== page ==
Tuesday, August 22, 2006

buses, bikes and highways.....

Lots of transportation related items to choose from today..

Port Authority Budget: I suspect that everyone reading this blog knows this all too well, but the Port Authority is facing a cataclysmic budget shorfall in its current fiscal year. This is no secret and received its due mention in the PG story yesterday focusing on Steve Bland, PAT's new executive director. but to be clear, without some major change in transit funding, PAT is facing a shorfall of 60+ million, or roughly a sixth of its FY07 budget. This will be story #1 at some point, but because that point is more than a week in the future, we can pretty much ignore it for now.

New Bike Lanes! Kudos to Bike Pittsburgh for efforts to put bike lanes in Bloomfield. See the informative post on the BikePittsbugh Blog. I have to say I am rather amazed that this is happening given the history of inter and even intra-neighborhood politics in the east end. As someone who bikes a fair amount I like the idea of bike lanes in the city. but as a driver it's important to note that a lot, if not most Pittsburgh streets are just too narrow to make for safe multi-modal passage. Liberty avenue really isn't the worst place to bike as it is. Probably the only reason bike lanes are possible in Bloomfield is becasue there is some width to the avenue now. Where you really need bike lanes are, not surprising, the places where they are the least likely to be put in. Baum Blvd. for example is just painful to get around given the narrowness of the lanes and the speed at which people go by. I went flying over my handlebars and into the intersection at Millvale and Baum once as a car pulled an unexpected Pittsburgh left once. and no, the media and paparazzi didn't care as I lay there on the steet.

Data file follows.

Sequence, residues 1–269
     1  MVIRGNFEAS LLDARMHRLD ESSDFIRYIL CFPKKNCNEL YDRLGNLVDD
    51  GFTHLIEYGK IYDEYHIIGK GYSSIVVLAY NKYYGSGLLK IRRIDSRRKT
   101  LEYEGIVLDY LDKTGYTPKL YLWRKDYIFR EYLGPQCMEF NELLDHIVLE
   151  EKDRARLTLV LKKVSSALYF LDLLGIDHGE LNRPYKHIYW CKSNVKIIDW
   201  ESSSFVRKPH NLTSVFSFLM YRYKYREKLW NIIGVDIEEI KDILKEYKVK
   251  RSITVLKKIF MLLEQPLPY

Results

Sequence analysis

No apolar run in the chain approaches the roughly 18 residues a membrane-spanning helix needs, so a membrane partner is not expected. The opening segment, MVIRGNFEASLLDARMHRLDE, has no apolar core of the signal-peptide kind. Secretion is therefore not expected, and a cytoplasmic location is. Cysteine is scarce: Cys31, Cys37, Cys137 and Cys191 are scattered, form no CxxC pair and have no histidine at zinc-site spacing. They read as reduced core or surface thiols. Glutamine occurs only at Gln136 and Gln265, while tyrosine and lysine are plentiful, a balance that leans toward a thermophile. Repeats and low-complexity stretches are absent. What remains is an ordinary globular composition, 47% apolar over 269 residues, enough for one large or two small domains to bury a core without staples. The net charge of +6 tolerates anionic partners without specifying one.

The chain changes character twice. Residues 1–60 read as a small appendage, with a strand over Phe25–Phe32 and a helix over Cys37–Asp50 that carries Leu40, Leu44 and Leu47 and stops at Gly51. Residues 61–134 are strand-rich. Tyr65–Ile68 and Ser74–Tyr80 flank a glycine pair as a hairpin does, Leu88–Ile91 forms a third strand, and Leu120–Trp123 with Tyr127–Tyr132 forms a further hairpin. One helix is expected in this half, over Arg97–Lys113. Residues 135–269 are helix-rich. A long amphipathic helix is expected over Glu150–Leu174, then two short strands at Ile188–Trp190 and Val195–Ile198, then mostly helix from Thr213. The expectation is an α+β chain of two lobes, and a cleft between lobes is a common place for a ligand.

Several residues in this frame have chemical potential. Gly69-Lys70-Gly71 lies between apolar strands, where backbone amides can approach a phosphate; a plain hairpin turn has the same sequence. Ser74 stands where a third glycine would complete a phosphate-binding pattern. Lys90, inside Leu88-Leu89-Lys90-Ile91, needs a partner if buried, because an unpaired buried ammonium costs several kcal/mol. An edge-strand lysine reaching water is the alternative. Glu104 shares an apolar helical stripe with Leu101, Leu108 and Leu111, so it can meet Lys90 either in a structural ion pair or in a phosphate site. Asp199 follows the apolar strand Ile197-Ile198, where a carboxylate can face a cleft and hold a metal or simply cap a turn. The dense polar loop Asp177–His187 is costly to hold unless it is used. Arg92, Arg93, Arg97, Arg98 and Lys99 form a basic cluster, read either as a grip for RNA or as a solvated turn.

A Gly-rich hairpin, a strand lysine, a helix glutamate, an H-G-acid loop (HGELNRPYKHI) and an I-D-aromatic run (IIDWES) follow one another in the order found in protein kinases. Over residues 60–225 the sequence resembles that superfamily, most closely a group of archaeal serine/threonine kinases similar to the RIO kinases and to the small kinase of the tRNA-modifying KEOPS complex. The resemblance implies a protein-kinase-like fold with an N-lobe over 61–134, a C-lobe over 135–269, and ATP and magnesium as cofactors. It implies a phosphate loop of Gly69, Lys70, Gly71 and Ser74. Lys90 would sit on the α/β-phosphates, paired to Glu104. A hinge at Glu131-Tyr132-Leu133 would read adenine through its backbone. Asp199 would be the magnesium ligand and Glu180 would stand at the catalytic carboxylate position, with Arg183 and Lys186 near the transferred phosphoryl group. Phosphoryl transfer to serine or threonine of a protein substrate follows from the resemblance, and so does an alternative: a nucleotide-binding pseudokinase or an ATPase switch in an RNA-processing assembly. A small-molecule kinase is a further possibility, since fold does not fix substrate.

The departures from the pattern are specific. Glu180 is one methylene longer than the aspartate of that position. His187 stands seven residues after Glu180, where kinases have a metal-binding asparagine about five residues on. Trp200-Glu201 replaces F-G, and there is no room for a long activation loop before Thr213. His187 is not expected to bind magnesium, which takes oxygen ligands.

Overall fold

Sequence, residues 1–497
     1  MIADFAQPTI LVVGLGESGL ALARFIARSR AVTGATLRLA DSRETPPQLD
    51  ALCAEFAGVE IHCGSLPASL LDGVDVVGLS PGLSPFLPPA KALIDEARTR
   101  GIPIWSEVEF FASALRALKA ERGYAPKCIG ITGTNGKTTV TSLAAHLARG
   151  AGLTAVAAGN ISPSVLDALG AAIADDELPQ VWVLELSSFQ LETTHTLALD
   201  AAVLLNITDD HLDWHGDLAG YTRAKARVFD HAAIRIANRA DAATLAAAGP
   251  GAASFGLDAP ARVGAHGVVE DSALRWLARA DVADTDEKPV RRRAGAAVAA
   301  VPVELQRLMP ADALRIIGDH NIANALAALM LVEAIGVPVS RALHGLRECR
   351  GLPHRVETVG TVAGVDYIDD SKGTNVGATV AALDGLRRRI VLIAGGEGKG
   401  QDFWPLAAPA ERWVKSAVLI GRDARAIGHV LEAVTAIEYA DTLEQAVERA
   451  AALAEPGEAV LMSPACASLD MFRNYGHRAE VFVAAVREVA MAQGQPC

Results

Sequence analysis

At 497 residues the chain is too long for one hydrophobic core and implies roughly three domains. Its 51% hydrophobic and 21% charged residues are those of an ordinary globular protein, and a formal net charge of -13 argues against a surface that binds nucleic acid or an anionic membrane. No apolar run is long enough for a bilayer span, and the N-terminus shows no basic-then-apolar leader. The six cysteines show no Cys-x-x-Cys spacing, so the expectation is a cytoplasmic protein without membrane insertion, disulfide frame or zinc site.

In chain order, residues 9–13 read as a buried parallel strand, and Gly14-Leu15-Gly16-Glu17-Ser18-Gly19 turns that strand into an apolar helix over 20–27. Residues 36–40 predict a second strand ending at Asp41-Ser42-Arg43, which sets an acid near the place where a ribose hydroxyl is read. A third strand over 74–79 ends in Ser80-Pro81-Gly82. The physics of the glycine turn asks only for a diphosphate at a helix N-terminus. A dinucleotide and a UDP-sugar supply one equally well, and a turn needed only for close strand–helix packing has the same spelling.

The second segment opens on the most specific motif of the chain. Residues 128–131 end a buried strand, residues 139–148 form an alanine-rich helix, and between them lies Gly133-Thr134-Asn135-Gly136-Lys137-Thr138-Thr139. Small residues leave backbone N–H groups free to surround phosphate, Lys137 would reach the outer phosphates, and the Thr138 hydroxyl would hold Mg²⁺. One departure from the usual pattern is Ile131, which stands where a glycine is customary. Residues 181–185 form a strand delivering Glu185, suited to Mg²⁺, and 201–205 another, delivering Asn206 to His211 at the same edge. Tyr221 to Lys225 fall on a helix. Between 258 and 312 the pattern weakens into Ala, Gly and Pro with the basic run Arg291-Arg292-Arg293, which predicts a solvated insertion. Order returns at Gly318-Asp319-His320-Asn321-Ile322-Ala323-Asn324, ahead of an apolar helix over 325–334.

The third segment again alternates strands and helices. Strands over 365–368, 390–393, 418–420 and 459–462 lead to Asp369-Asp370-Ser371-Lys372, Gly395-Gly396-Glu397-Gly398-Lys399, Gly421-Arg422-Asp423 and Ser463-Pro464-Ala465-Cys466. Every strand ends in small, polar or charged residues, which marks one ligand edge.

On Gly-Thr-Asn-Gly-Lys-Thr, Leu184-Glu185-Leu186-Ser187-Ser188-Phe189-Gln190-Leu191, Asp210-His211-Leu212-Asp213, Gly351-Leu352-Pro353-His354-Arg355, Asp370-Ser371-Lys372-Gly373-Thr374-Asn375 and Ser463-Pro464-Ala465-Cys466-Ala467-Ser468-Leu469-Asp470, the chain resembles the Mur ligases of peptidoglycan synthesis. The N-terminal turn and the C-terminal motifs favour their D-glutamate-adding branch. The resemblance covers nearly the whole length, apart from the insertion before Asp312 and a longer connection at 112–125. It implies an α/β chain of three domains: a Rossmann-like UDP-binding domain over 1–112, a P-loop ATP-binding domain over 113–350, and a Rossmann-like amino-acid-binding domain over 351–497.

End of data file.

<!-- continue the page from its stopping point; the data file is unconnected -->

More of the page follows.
New Transportation induced development. Per this article in Commercial Property News. There is a big new warehouse being planned for the area where 60 meets 76. Supposedly the redesignation of interstate 376 is the reason for this. Economists generally assume some rational behavior in markets, thus it's a little hard to see why just changing signs makes that big a difference... but nonetheless, someone thinks it mattered in this case.


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